I was recently un-ghosted.
During a mid-drink phone check at a West Village bar, I discovered a text from a random 646 number I didn't recognize. It read [DRUM ROLL PLEASE]: "On a scale from 1-10, if I tried to say 'what's up', what would the rejection level be? (10 worst)."
Scrolling through the months-old conversation above this message, it dawned on me that the text came from a man (let's call him "'Tim") with whom I went (and made) out with ONCE, almost four months earlier. Several quippy texts after that date, Tim disappeared from the face of the Earth. Until now.
It turns out, un-ghosting is now a standard dating practice. A week before my own re-haunting, I encountered three other friends who were on the receiving end of similar un-ghosting advances. Which left me to wonder, Carrie Bradshaw-style, why is un-ghosting becoming a more common occurrence? And what can we do about it? Here are my theories on the matter.
The "we're getting old and scared" theory
Here's what Tim told me when I asked him to explain his actions:
"Older = fewer options = more thoughts of the past." He's nothing if not eloquent, don't you think? Can't believe this one got away.
Sure, it was easy to ignore that pleasant man/woman who expressed initial interest in you and thus appeared "too easy" to warrant intrigue at first. But now that you're turning 30 (or something close to 30 that might as well be 30), it might be nice to be in a relationship with someone who actually likes you.
"We're getting older and getting ready to get married," agreed one wise friend. "Time to retrace your steps."
This is #adulting, right?
The "shiny things are sometimes just scraps of tinfoil" awakening
Have you heard of the "paradox of choice"? The theory, in short, explains how having more options renders a person less capable of making a decision.
Incidentally, this notion also applies to Tinder dates.
Just as you might be overwhelmed by the choices in the cereal aisle (the right answer is Reese's Puffs, every time), you may also be sabotaging yourself by exposing your eyes and libido to too many people.
As online dating has transitioned from being a fringe interest to an inevitable mainstay, many of us continue to be distracted by shiny objects; even when our current… objects are sufficiently iridescent. When the limitless options fail to hold our interest, those very stable, respectful, well-mannered humans who took us out to dinner and patiently tolerated our borderline alcoholism seem a lot more alluring than the intriguing psychopath we left them for.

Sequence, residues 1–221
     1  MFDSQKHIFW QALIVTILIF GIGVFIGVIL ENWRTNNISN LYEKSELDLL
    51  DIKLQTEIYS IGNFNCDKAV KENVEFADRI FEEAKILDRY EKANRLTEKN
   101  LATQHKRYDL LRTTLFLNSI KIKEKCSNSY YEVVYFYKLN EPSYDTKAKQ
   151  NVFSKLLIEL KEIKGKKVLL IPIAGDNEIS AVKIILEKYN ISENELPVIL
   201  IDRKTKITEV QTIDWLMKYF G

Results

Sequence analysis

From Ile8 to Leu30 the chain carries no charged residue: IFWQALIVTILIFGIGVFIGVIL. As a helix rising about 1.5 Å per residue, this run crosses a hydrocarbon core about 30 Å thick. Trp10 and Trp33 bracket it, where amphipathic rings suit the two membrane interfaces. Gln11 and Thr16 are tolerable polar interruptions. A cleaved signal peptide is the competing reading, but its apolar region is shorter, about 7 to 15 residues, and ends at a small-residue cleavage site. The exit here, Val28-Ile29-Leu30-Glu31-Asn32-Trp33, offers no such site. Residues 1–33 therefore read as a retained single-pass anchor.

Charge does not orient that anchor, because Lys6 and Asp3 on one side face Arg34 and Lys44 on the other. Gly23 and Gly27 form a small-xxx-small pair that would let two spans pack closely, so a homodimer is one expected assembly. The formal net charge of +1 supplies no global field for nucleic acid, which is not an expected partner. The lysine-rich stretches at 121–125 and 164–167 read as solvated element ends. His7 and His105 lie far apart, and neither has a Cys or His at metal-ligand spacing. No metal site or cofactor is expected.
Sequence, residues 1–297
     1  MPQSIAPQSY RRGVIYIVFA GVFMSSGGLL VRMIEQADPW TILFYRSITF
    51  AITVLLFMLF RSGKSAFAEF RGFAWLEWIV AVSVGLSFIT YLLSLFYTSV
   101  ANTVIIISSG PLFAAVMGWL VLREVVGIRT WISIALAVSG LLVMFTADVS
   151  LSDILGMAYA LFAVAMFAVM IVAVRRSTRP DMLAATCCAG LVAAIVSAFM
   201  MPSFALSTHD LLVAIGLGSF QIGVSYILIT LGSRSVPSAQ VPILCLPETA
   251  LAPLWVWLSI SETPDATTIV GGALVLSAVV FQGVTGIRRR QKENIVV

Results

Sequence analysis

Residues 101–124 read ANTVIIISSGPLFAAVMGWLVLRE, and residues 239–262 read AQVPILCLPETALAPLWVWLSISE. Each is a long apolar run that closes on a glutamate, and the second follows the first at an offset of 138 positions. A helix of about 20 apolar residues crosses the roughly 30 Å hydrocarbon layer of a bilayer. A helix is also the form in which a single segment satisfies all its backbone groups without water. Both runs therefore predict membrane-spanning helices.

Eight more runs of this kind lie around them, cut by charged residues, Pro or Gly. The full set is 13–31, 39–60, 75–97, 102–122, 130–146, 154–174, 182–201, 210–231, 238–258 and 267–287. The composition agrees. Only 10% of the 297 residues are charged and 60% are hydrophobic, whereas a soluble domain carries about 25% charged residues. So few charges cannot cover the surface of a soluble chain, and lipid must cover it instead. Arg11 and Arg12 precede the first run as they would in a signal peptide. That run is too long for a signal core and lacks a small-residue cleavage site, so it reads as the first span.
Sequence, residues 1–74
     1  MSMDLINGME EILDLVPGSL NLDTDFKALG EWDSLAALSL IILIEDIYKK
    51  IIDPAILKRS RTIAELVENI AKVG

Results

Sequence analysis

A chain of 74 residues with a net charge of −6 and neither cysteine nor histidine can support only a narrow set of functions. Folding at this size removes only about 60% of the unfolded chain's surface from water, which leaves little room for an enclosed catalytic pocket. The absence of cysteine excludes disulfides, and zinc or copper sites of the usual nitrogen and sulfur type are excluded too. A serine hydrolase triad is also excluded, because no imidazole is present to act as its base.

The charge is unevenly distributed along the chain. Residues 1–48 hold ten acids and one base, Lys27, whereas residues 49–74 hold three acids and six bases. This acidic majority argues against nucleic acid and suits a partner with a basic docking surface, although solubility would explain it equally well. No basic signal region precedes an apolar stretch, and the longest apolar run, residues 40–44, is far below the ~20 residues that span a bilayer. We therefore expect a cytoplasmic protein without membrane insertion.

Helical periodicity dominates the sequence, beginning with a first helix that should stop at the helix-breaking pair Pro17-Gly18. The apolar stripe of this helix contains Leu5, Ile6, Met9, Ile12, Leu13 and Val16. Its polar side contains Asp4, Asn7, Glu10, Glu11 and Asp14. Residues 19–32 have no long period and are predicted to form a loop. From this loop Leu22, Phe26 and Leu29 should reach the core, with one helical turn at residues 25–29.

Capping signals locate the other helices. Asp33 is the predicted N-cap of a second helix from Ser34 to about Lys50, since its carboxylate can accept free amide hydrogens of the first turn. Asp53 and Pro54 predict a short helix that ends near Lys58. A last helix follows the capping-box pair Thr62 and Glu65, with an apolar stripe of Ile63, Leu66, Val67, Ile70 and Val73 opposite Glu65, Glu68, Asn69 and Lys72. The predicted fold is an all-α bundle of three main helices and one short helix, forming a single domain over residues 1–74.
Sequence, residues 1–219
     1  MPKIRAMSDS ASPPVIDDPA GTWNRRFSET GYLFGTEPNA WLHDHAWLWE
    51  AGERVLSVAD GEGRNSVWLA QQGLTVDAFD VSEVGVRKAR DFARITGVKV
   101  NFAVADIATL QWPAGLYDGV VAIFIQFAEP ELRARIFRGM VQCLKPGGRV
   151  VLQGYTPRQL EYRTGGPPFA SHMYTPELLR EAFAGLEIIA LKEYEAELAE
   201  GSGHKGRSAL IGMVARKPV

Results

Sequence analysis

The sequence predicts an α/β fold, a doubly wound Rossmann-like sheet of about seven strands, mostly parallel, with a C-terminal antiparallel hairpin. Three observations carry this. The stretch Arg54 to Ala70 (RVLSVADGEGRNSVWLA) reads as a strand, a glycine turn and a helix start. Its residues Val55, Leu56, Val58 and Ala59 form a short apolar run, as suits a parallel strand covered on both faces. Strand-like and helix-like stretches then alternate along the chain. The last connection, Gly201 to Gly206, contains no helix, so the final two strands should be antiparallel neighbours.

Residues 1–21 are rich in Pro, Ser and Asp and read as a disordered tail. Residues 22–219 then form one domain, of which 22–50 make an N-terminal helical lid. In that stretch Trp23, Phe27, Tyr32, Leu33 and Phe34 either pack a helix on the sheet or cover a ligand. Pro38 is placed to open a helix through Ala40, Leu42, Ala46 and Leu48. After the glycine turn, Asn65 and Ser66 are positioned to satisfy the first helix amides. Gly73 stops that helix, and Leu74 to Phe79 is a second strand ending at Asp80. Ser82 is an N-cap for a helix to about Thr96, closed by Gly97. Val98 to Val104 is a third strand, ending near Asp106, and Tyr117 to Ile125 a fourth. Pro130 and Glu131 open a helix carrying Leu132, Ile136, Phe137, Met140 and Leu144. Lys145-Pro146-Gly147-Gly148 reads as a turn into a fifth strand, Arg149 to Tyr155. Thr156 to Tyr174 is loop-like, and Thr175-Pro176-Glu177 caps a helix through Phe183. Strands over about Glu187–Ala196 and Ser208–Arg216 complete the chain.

"They may have had a more promising prospect, and when that prospect falls through, they go back to the person they ghosted," said one close guy friend (let's call him Steve). "[It's] a come-back-with-their-tail-between-their-legs kind of situation. They thought they had something better going, but it didn't work out."
The "it's a thing" effect
Remember when you found out "FOMO" was a thing and you suddenly felt 40,000 times less needy and neurotic, because you knew everyone else was feeling the same way?
I call this the "it's a thing" effect. And, like all the best things out there, it's a beautiful and dangerous phenomenon to get used to undesirable behavior.
Ghosting is no longer a secret, shameful act: It's been normalized and made acceptable. "I think ghosting is so in the lexicon of social interaction that people can identify it happening and understand what's happening," Steve said. Which may have a positive effect on our anxiety; but is likely to make a poor impact on our behavior. If we believe ghosting is acceptable, then by extension we can forgive other people for showing back up after completely ignoring us.
The "this would be a mature response if it weren't incredibly immature" explanation
I save this one for last, because it restores a smidgen of my wavering faith in humanity.
There's no question that online dating has popularized a fairly procedural approach to dating. First dates are for verifying true identities and sociopath status, second dates are for confirming first impressions and asking questions that wouldn't be relegated to a job interview, and third dates are for assessing whether or not said individual is actually enjoyable (or merely tolerable).
Fourth dates are the baby pandas of online dating: rarely encountered, irrationally treasured, and nurtured against all odds. The prospect of a fourth date is intimidating mainly for the impractical degree of importance we place on its occurrence. And that's why we're most at risk of someone flaking on the precipice of a fourth date. This is when we consider whether we're ready to take the plunge.
The explanation for un-ghosting, then, is that the ghoster needed some time to prepare him- or herself for what would inevitably be a more serious next step.
There are obviously better ways to "prepare oneself" than indulging in a disappearing act. But if I've learned one thing through my compulsive dating, it’' that emotional maturity is just as endangered as that aforementioned baby panda.
What do we do about it?
After canvassing friends and former flames for their thoughts on the matter, it seems there are really only four options for the un-ghosted:
Respond in order to get in the last word (MIC DROP).
Respond and give them a second chance.
Respond by asking 101 questions for an article you're writing.
It all depends on the nature of the ghost in the first place... and your capacity to forgive.
“" wouldn't be open to rekindling if I was ghosted and then brought back from the dead," said one friend of mine when asked about his likelihood to start something up again. "It would be kind of insulting."
Even so, there may be hope. Steve, ever the optimist, laid down this bit of feedback: "It sucks. But if someone who ghosted me randomly hit me up, I'd at least be willing to hear her out. Sure, ghosting hurts, but you know what hurts more? Dying alone."